Ghosts of the Essex & Sussex Hotel, Spring Lake

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The Essex & Sussex Hotel in Spring Lake was a Jersey Shore icon and one of the New Jersey’s last grand old hotels by the sea. In its heyday the Essex & Sussex was only open for three months of each summer, when the well-to-do would vacation there to take advantage of the cool ocean breezes. The hotel hosted many high society gatherings where opulence and extravagance was the fashion of the day. It remained a very successful resort for most of the twentieth century, but by the 1970s things had begun to decline. The hotel finally closed its doors for good in 1985, and the vacant building languished away for the next decade and a half boarded up behind a chain link fence. Eventually plans were approve to remodel the grand old resort into a pricey age-restricted year-round residential condominium complex.

Enormous, yet elegant, the landmark building still towers over all others around it today, offering its resident ghosts more than ample room to move around and haunt to their spirited hearts’ content. No word yet on how the new tenants are getting along with the original guests who never checked out.

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Phantom Ball at the Essex & Sussex

This happened around 1982. I was about 22 years old, working for a carpet installer as a helper. We were on a job at the Essex Sussex House, a huge hotel across the street from the ocean in Spring Lake. It was in the middle of winter, and the hotel being closed, the only people in the building were myself, my boss, and the caretaker. The job involved repairing the seam of the carpet in the main ballroom, and was a one man job after the Home state Hauntingstools were brought in and set up. I asked my boss if I could prowl around, and he said ok, just don’t get into trouble. I really wanted to get up to the cupola at the top of the five-story building, and see the view of the ocean from there. On the fifth floor, I found the door to the cupola, and though nailed shut, I pried it open and spent 5 or 10 minutes there, looking at the ocean.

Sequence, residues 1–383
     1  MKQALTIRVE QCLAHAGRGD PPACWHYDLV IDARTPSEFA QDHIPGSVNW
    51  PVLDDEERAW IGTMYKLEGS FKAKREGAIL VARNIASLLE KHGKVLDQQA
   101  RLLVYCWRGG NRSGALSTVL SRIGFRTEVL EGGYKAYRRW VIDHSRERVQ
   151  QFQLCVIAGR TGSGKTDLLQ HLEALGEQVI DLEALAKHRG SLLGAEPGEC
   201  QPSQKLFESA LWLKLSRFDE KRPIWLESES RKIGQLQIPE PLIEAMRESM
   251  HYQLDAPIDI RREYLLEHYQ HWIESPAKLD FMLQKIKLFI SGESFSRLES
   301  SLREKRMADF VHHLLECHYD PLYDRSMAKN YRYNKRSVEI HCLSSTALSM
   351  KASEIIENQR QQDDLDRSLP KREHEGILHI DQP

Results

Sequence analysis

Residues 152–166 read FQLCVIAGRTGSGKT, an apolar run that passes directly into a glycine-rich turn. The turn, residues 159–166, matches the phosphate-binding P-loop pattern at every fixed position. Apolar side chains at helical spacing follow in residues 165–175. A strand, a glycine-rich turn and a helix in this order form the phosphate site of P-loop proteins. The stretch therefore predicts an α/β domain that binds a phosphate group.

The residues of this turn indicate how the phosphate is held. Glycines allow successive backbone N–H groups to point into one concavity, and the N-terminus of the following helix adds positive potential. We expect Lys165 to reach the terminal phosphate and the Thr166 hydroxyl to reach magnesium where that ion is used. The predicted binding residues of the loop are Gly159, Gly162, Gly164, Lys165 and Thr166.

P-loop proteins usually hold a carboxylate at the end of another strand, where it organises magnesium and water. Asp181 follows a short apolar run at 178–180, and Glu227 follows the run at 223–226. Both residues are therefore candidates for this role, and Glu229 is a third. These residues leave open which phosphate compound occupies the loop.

Upon coming out of the little stairway to the cupola back on the fifth floor, I was standing in the middle of hallway that ran the length of the building (very long). As I was brushing myself off, (the cupola was a mess of bird droppings and debris), I noticed, out of the corner of my eye, someone at the end of the hallway to my right watching me. I turned, and it seemed they ducked into a room. I went back to brushing, and noticed them again, only closer this time. Again, I turned to see them slip out of sight, a dark blur in the shadows. Assuming it was some other person working up there, I called out. No answer––in fact, I heard no sounds during this event. I looked to my left down the other half of the hallway and saw nothing.

Essex & Sussex Ghost

Turning back to my right, again I saw the dark blur of someone moving out of sight, but it was closer yet, nearly at the stairwell to the lower floors. At that point, though I was not consciously afraid at all, my adrenaline surged, and I had the overwhelming urge to get away from here immediately. I get goosebumps retelling this even now, many years later. I ran down the stairs, and was on the main floor in seconds.

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Encountering the caretaker on my way back to the ballroom, I must have appeared shaken, as he asked if I was all right. I told him I was upstairs (not indicating the exact floor) and got rattled. He asked if I was on the fifth floor, to which I replied yes. He recounted a similar incident that happened to him while cleaning windows, and said he has since avoided being up there alone. He also stated that several times, late at night, in the dead of winter, when the building is totally empty except for him, he hears parties in the ball room: music, people talking and laughing, glasses tinkling, silverware on dishes. It all stops when he reaches for the door handle. –Craig Johnson

Facebook LogoThe preceding article is an excerpt from Weird NJ magazine, “Your Travel Guide to New Jersey’s Local Legends and Best Kept Secrets,” which is available on newsstands throughout the state and on the web at

 Ghost Illustration by Ryan Doan/